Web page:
BW&BK Interview: TRANS-SIBERIAN ORCHESTRA – There’s Something You Should Know About Last Night…

By Carl Begai

In North America the Trans-Siberian Orchestra has become as traditional at Christmas as Santa Claus, coloured lights and holiday parking. Even if you’ve never attended one of their seasonal shows – which usually hits a city near you anywhere from November through January – you’ve definitely heard of them, as the TSO rock opera format appeals to people from all walks of life, to everyone from children to the elderly. Plain and simple, the Trans-Siberian Orchestra has proven for well over a decade that you don’t need to be metal to ride this ride, regardless of the outfit’s Savatage-rooted history.

Producer/composer Paul O’Neill is known for pushing the envelope with every project he devises. It was his collaborative efforts with Savatage frontman Jon Oliva in the late ’80s, in fact, that slowly but surely transformed the legendary metal band into something much more theatrical in nature, which eventually spawned the Trans-Siberian Orchestra. And while TSO established itself as a Christmas-themed project when it launched in 1996, O’Neill got rid of the sleigh in 2000 for Beethoven’s Last Night, an album telling the fictitious tale of legendary composer Ludwig van Beethoven’s last night alive. TSO finally toured for the album in North America in 2010, went to Europe the following year, and 2012 sees the band on the road again, this time supporting a fully narrated re-release of Beethoven’s Last Night.

Guitarist Chris Caffery, a long time member of Savatage and the Trans-Siberian Orchestra, offered his views on the current Beethoven’s Last Night tour versus the annual winter shows during some rare and fleeting post-soundcheck downtime:

“It’s a very different vibe. The winter tour has the holiday and runaway theme to the story line, the music marries that story. This tour is the complete Beethoven’s Last Night album, and it’s not like the winter show isn’t a rock concert, but the Beethoven show has a darker feel because of the story and the theme. Beethoven is battling the devil to save his soul and his music, it’s a pretty intense story. For me personally it feels more like I’m performing a rock concert because of the way the songs and the album is structured. It’s a little bit more to where my roots were when I performed growing up. I’ve been on stage playing a heavy style of progressive and hard rock music since I was a kid. So the songs like ‘Misery’ are a lot similar to my roots. I think people really enjoy it because in a lot of these cities we’re giving them something they’ve never seen live before. Everybody that comes to see the show tells us they enjoy it as much as anything they’ve seen by us before.”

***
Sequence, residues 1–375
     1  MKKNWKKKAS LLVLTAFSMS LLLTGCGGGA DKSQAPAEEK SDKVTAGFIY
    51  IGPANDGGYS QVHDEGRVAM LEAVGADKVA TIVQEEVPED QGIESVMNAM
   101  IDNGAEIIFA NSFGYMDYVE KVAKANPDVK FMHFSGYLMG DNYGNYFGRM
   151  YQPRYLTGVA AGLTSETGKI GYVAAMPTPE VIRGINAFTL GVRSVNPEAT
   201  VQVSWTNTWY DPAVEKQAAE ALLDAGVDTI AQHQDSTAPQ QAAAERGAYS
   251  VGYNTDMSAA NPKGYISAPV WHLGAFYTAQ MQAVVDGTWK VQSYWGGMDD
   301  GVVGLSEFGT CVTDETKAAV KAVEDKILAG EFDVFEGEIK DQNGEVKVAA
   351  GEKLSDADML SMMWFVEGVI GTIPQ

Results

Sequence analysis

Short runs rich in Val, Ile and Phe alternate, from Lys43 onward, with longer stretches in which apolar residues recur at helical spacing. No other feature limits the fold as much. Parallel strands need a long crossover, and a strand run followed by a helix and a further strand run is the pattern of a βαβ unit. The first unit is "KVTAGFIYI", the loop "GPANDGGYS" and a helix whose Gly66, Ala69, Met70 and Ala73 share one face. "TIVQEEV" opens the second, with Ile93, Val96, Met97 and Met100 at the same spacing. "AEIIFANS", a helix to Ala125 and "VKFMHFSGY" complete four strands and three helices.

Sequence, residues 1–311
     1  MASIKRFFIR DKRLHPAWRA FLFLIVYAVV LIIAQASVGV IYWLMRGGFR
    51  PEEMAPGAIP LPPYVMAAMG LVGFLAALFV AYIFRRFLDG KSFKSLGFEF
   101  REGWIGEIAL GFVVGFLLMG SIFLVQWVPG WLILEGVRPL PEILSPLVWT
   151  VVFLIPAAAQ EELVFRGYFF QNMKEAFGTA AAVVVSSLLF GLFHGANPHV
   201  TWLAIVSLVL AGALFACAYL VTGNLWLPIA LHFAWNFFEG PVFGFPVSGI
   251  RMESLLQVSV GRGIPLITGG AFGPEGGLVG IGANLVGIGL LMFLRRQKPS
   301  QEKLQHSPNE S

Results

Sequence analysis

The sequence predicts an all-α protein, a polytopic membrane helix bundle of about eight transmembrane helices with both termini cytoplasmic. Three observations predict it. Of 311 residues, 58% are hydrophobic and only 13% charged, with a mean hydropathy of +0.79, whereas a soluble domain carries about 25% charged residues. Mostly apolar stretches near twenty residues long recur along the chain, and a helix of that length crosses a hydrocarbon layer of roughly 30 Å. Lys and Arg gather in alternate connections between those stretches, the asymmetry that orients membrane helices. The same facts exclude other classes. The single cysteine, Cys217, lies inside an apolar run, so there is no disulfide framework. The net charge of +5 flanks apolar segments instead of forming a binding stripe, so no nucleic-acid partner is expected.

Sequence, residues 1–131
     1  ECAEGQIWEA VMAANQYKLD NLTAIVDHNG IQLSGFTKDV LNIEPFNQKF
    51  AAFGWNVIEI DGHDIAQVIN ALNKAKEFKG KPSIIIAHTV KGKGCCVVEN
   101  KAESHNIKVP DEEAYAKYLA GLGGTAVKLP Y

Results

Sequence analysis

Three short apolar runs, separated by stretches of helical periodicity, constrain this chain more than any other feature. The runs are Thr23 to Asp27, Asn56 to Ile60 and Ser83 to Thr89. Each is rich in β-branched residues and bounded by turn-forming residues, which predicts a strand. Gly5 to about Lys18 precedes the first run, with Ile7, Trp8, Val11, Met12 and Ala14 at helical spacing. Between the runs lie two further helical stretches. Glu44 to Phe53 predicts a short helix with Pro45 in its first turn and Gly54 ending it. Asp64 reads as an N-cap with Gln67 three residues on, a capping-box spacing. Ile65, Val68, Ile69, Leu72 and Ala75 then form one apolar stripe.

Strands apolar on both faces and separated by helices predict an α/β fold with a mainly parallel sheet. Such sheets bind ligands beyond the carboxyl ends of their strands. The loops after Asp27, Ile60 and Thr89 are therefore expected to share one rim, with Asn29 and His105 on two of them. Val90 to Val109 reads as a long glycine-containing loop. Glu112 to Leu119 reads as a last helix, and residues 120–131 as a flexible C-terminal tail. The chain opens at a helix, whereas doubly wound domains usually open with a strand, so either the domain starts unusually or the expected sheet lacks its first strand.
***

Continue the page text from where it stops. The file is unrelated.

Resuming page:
This seems to be the case even though the Trans-Siberian Orchestra hit the road for Beethoven’s Last Night in March, barely three months after the Christmas tour wrapped up. It’s another full-blown O’Neill audio-visual spectacle, but the numbers indicate that the fans are far from being TSO-ed out.

“It’s pretty crazy,” says Caffery, “because we’re getting a tremendous number of people on this tour that come out and say they’ve never seen TSO before. We’re doing a lot of different markets on this tour that we didn’t do last year. The winter show is so huge that some of the buildings can’t even hold the weight of the lights and gear we have. With this tour we have the opportunity to go to some of the smaller cities to the areas that we couldn’t fit the winter shows in. We’re getting into places where we do find it makes a difference for people that have to drive for over an hour to get to a show. If the show is only 20 minutes away, the people that couldn’t come out to see us before are coming out now.”

“There are a lot of reasons why this Beethoven tour is really exciting for us, and I think that’s one of the biggest because we get out there to see people that haven’t seen us once in out 16 year history. It’s nice to know people aren’t TSO-ed out.”

Go to this location for the complete interview.

Photo by Bob Carey. Used with kind permission of the Trans-Siberian Orchestra.